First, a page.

Belfast Telegraph

So what's a typically British job anyway? Spitfire pilot sounds right... except one in five was Polish

By Mark Steel

They don't know how it's going to work, or when it will start, or who will be allowed here, but the leaked Brexit papers show at last they're going to stop the immigrants from doing all those jobs they do.

So, we can walk past a field in Hereford with tons of rotting apples no one has picked and be proud, because we'll be certain no Pole has been picking them off trees, so they can lie on the ground rotting like proper British apples, full of British maggots, because we've got our country back.

We can lie on hospital trolleys singing the national anthem between screams, enjoying the freedom of knowing none of our taxes are going towards foreign nurses, so we can stick a Union flag in our open wound as it turns septic, shedding tears of happiness, because we're in charge of our affairs again.

This is the boost the low-paid have been waiting for, because poor wages are caused by immigration.

For example, the nurses have gone several years without a rise, because of a pay cap imposed by Bulgarians.

The Prime Minister tried her best to give them more money, but Bulgarians took her guinea pig hostage and threatened to squirt carpet cleaner in its eye unless she kept them poor, so what could she do?

The staff at McDonald's went on strike this week against dreadful pay, because Ronald McDonald is a Romanian - the tight-fisted foreign clown, coming over here and setting up burger chains that pay £7 an hour. Luckily, once we're out of the EU, we'll rely on investment from America, where I'm sure their burger chains treat staff with far more kindness.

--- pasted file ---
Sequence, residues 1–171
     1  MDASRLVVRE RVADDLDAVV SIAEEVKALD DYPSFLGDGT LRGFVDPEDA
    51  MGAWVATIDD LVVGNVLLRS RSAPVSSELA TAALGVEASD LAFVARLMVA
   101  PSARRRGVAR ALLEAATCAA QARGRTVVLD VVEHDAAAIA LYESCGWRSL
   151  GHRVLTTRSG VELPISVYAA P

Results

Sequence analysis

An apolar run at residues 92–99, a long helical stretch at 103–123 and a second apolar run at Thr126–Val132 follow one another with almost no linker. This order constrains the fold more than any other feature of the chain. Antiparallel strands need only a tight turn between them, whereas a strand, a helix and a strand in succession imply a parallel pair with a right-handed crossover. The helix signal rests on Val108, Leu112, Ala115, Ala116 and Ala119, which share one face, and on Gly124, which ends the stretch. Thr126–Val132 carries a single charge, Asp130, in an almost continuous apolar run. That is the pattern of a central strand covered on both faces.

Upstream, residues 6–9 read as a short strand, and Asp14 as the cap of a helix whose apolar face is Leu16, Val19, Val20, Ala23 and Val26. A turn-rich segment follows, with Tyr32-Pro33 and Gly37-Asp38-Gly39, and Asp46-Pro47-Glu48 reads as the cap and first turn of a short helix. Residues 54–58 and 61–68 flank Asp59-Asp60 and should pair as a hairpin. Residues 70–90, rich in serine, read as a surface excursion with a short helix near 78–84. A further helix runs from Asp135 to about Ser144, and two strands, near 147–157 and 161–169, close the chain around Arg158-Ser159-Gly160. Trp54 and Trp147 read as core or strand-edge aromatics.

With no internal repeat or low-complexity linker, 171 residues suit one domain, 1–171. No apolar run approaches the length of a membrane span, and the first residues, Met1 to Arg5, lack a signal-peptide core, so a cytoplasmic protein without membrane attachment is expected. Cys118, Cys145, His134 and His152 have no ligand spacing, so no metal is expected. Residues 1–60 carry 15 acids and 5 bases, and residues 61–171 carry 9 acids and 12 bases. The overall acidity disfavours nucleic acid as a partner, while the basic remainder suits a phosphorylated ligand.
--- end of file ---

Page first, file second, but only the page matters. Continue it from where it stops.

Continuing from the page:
The slogan the Government seems keen to adopt is 'British jobs for British workers'. This may involve a bit of thought, as it's hard to be sure what a British job is. Making pie and mash is a solid British job - though obviously not the bit involving pastry, because that's French.

Spitfire pilot is a highly British job - except that one-fifth of them were Polish - and being Jacob Rees-Mogg sounds British, but has a whiff of medieval Italian Pope.

But proper British jobs such as knight, chimney sweep and coming 26th in Eurovision will be reserved for British workers.

The new system will be fair, because foreigners will be entitled to stay here for two years before they're replaced.

This won't put them off in any way, because all of us, when choosing where to move to, like to select somewhere that's going to kick us out two years later.

After all, the first questions we ask an estate agent before deciding to relocate are 'What are the schools like?', 'Are there nice parks nearby?' and 'Do they have a rule that we'll be kicked out after two years, because we don't want to become institutionalised?'

This seems only fair, because the 300,000 British who live in Spain are all critical to the local economy. Many of them are top-quality, high-grade criminals. We don't just send them any local burglar.

So, it's encouraging that the negotiations are going so smoothly.

David Davis warned us: "No one said Brexit will be easy" and this true, as no one did - except his negotiating colleague, Liam Fox, who said a Brexit deal "should be the easiest in history", but it would be unfair to interpret this as suggesting it might be easy.

Sometimes the exact figures were slightly off, so they came out as £350m every day would come to us from the EU, which we could spend on the National Health Service, but that's just a detail. Everyone accepted there would be lots of numbers and that's the main thing.

Because now we can stand in a market and know our beetroot can be triangular without being confiscated by the EU, should we so desire - that's got to be worth £50bn.

By December 1, they'll introduce an Ethelred the Unready law, allowing the Government to burn down a village and hand our womenfolk to the Danes, because it's all going brilliantly.

Belfast Telegraph

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